…says Income taxes should be lowered to offset increases in other taxes
The Guyana Revenue Authority (GRA) has not been privy to any planned reduction in the Value Added Tax (VAT) when the Budget for 2018 is presented in six weeks’ time.
The bombshell was dropped on Thursday on the final day of ‘Business Summit 2017’ when GRA Commissioner General, Godfrey Statia on Thursday formed part of fiery discussion panel on ‘Taxation’ in Guyana and was joined by vocal social activist and Chartered Accountant, Christopher Ram, Inter-American Development Bank (IDB) representative Mark Wenner, Opposition Member of Parliament Anil Nandlall and Private Sector Representative, Deodat Indar.
Statia is in fact advocating a reduction in the personal income taxes paid by workers—a measure, he says, that can alleviate the inherent loss of disposable income, a result of previous increases in other taxes paid.
The panel discussion followed a presentation by Peoples Progressive Party Civic (PPP/C) Chief Whip, Gail Teixeira, who lamented the more than $10B taken out of the pockets of the average Guyanese as a result of the 2017 Budget taxation measures.
The Commissioner General, during his time in the spotlight and under interrogation from participants of the Guyana Business Summit 2017, was quick to point out that he was in no way a policy representative of the Government but was at the summit as a technocrat.
Statia also criticized its content saying he attended under the impression, “it would have been an intellectual discourse in how we go about” solving the problems that exist within the system.
Lambasting the forum, the Commissioner General said the administration and its related agency must first be apprised of the tax related woes that impede the private sector in order to be able to formulate a plan, reminding those in attendance at the Marriott Hotel, “there is no quick fix.”
Turning his attention to the application of VAT, the Commissioner General, told participants, inclusive of business leaders and elected representatives, “as far as I have been told there has not been any further consideration in reduction of VAT.”
Statia’s comments were not contradicted by Minister within the Ministry of Finance, Jaipaul Sharma and come a short time after Teixeira had told the Business Summit of an opposition proposal for the rate to be reduced to 12 per cent—initially promised by the coalition Administration.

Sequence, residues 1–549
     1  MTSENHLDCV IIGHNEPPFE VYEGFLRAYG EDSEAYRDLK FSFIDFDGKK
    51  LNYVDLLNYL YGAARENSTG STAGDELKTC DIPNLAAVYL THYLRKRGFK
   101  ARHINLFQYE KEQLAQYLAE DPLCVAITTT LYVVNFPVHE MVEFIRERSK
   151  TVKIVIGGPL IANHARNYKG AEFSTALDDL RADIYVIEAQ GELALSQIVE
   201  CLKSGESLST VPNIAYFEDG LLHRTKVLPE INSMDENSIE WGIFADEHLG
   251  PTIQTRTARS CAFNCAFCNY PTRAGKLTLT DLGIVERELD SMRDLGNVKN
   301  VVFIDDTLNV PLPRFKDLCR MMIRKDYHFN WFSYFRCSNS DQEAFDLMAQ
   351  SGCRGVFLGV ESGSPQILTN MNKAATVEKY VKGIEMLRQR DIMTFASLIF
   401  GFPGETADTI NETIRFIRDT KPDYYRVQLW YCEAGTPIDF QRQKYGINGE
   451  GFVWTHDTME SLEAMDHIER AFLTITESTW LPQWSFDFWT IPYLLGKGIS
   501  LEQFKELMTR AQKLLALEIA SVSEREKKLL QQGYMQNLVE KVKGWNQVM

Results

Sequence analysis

Responding to the various aspersions cast as a result of the imposition of a range of new tax measures in the 2016 and 2017 budget that has led to the annual erosion of some $10B in disposable income, Statia said, he would’ve preferred to see a reduction in the income taxes paid.
The Commissioner General told those in attendance that the benefits the administration was looking to see passed on, with its reapplication of VAT on a range of commodities, did not filter down town to ordinary man.
“I would have preferred a decrease in personal taxation and let the increase in disposable income cover that (shortfalls)…there is mixture of things to be done,” Statia cautioned, as ideas were bandied on which of the several taxes charged should be reduced.
IDB Representative on the panel Dave Wenner outlined, among other things, that Guyana is listed—tied with Haiti—as having the highest business taxes.
Teixeira— making representation on behalf of Opposition Leader Dr Bharrat Jagdeo—updated the Summit on some 124 proposals that the political opposition has submitted to Parliament for inclusion in the 2018 Budget.
The proposals indicated to the Business Summit that the Opposition was looking to have Government, through its parliamentary motion, ‘restore the purchasing power of the people by removing the imposition of VAT on zero rated items, new fees and licences imposed in the 2016 and 2017 Budgets.
The PPP, she said is looking to have Government immediately remove all forms of taxes and duties on fuel for the agriculture industry, on inputs for the agriculture industry including machinery, equipment and spares in addition to removing the burdensome GRA administrative measures put in place.
The interactive panel discussion also saw heated exchanges between panelists and participants.
Local entrepreneur, Captain Gerry Gouveia, present for both days of the historic confab upbraided insinuations that the private sector somehow was operating in a predatory manner like vultures and wanted to pay less taxes in order to use the larger profits for their own purposes.
Captain Gouveia in defending the private sector said he took offense to the insinuations and noted that the private sector “did in fact want to pay its fair share.”
Gouveia was adamant, “what we don’t want is an overtaxed sector.”